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Jobs Help Students Become Part of Community

Jobs Help Students Become Part of Community

(ARA)- During a family trip in the fall of 1990, the world changed for Sue and Rick Lewis and their family. While they were visiting relatives, their son Ben, a healthy, active five-year-old, started experiencing seizures, lapsed into a coma and suffered severe brain injury.
Ben spent five weeks in a hospital three hours from home. There were many days when doctors didn't know if Ben would recover; at one point, he was pronounced dead. When it came time to discharge Ben and move him to a rehabilitation hospital in their hometown of Iowa City, Sue thought the hardest part was over.
But as they left the hospital, Ben's doctor told her, "The most difficult part of your journey is just beginning." "After all we had been through, I didn't see how that could be true," says Sue. But she quickly learned that for Ben to live the best possible life, she and Rick would have to take charge of finding the people and resources to make that happen.
Through trial and error, Sue and Rick have become experts on being advocates for Ben--while also raising three other children. Life planning for Ben is always a work in progress, Sue explains. "We started planning for high school when he was still in junior high, and when he entered high school, we were already thinking about life after graduation."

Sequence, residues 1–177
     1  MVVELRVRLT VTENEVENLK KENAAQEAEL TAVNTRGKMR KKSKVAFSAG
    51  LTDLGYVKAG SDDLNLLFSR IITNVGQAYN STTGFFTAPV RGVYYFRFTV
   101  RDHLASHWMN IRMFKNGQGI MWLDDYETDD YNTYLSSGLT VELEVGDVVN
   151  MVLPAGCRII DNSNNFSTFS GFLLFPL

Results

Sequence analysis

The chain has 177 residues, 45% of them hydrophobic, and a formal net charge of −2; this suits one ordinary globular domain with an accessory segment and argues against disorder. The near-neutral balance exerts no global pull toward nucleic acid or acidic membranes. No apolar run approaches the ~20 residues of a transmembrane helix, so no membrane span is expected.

One of the Lewis' big hopes was for Ben to someday work in the community. As they began searching for a way to make this happen, they encountered the High School Super Senior transition program. Super Seniors provides career planning assistance, job shadows and internships for students with disabilities to help them find the job of their dreams. "We help students find a job that matches their skills and interests, learn it and keep it," says Dr. John Nietupski, director of the Iowa program.
Ben is now 20, lives independently in a group home, works at a local pharmacy and is ecstatic about a second job that he recently started at a local coffee house. He is so popular with customers that when he is on vacation, they constantly ask his boss where he is and when he's coming back. "Even through the really tough times, we never gave up hope that we would make Ben's life a happy and productive one," says Sue. "He has become part of the community."
Judy Warth, a Super Senior Employment Specialist who served Ben, said. "Ben's situation proves that magic can happen when parents and programs work together."
Super Seniors can help other communities establish similar programs through site visit opportunities, phone or e-mail consultation, written materials and funding ideas. For more information, contact John Nietupski at (800) 332-8488, x6442 or via e-mail at

Courtesy of ARA Content

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